ALA May Help With Losing Weight

It’s been called the “super antioxidant” because, unlike other antioxidants such as vitamins C and E, alpha-lipoic acid, ALA, is both water and fat soluble, enabling it to work throughout the body. It occurs naturally in each cell of the body, and it functions to turn glucose into energy and rid the body of the toxic waste products, free radicals, produced during this conversion.

Potential health benefits of ALA

A February 2015 study out of Spain found ALA supplements promoted weight loss in obese women. For years, ALA has been regularly used in Germany to treat peripheral nerve damage, which causes the tingling feeling and numbness in the hands and feet suffered by many diabetics. Studies suggest ALA may also help lower blood sugar levels, and it may be a potential treatment for glaucoma, stroke, dementia and other brain disorders. It may be useful in managing erectile dysfunction and some cancers.

The Pamplona study

The epidemic of obesity is worldwide and contributes to multiple health problems including type-2 diabetes, heart disease, stroke, sleep apnea and some types of cancer. Previous studies with rodents showed that ALA supplements, added to a diet of reduced food intake, stimulated energy expenditure and reduced the feed efficiency (the rate at which food is stored as fat), which promoted weight loss. Researchers at the University of Navarra in Pamplona, Spain, designed a study to determine if results would be the same using human subjects.

The 10-week study divided the 97 participants, all overweight women, into four groups. One group took ALA supplements; one group took Eicosapentaenoic acid (EPA), an omega-3 fatty acid; the third group took both supplements and the fourth group served as a control group and took no supplements. All women followed a diet that reduced their caloric intake to 30 percent less than their energy expenditure.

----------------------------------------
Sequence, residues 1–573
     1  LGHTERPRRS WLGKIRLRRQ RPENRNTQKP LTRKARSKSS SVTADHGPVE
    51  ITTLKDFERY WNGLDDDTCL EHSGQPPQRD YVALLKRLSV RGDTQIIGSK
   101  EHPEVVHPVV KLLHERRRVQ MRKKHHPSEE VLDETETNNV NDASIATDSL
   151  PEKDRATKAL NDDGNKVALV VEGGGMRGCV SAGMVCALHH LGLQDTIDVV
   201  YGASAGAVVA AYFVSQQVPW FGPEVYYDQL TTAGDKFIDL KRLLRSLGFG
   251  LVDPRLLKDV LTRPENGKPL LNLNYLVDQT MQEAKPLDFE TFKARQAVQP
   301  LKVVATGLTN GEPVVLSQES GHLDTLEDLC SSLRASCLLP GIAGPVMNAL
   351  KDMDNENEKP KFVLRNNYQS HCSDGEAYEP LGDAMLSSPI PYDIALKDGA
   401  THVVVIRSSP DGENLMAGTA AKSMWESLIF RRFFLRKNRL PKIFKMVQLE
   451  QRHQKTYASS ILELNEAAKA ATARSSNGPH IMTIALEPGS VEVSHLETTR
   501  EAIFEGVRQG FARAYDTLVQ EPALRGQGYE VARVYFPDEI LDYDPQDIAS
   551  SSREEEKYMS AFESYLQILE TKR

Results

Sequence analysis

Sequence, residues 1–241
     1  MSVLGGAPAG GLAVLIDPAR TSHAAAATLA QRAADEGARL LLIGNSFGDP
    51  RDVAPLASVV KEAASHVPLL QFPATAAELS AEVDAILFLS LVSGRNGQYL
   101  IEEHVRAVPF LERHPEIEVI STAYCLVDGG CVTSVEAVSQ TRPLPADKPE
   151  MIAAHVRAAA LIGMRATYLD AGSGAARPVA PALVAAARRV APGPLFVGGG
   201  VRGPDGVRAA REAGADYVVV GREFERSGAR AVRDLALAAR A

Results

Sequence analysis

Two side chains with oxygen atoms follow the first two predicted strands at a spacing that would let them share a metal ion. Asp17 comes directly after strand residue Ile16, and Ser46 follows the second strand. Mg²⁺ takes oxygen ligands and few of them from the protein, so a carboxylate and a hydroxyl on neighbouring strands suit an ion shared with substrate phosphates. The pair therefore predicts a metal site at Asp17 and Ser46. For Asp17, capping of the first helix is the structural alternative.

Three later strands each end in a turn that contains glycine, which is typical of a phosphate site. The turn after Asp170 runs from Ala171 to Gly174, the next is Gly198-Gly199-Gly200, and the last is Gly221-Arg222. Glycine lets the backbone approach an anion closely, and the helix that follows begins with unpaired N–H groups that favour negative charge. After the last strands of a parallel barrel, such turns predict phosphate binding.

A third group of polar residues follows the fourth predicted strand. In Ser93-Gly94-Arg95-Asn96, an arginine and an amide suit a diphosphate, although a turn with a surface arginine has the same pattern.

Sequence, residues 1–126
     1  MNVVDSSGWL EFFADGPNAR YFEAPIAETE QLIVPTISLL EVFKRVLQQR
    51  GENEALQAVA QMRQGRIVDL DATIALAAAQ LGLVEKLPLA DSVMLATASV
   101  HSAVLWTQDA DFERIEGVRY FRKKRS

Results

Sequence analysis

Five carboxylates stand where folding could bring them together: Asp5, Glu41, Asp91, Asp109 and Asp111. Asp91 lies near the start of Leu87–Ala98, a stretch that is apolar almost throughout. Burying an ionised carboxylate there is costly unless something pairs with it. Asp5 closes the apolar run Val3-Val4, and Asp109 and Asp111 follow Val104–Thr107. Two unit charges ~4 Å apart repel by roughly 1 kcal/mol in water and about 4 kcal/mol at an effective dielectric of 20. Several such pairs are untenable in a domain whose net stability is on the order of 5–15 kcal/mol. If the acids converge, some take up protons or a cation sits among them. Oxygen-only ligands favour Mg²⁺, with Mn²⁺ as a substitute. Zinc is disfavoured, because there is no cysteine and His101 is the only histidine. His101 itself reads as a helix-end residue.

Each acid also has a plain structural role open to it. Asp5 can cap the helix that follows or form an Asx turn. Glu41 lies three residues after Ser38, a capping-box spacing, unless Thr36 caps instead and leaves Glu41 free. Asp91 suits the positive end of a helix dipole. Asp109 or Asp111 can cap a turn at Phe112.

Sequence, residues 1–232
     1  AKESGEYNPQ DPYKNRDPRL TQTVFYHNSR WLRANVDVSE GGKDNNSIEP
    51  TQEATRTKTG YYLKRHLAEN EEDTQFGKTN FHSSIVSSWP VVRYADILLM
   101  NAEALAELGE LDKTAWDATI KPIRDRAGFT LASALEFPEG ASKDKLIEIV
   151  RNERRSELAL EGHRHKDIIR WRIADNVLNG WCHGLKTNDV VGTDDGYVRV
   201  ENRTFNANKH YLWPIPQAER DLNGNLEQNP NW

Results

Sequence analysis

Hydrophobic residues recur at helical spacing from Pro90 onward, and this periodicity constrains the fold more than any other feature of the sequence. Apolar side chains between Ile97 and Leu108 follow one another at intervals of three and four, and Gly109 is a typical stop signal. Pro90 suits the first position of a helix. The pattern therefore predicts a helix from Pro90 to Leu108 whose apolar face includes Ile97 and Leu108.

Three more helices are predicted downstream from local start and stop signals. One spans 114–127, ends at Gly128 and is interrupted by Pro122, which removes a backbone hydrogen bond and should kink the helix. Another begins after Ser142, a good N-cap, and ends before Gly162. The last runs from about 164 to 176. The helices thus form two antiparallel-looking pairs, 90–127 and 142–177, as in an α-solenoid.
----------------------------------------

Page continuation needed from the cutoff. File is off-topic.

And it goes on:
APA combined with a reduced-calorie diet shown to promote weight loss

After 10 weeks, the groups that took ALA alone or combined with EPA, showed the greatest weight loss, on average 15.4 pounds and 14.3 pounds respectively. The control group lost 11.44 pounds; the EPA-only group lost 11.88 pounds. It’s important to note that all participants followed a reduced calorie diet. The study does not claim that taking supplements without any lifestyle changes will promote weight loss.

Possible harmful side effects of ALA

ALA is widely available as an over-the-counter supplement. Some users have reported negative side effects including skin rashes, diarrhea, insomnia and fatigue. If you are considering using ALA, it is best to consult your healthcare provider about dosage and possible interactions with other medications. Diabetics who are taking medications designed to lower blood sugar may experience hypoglycemia (low blood sugar) when adding ALA to their diet. ALA may also interfere with chemotherapy and thyroid medications.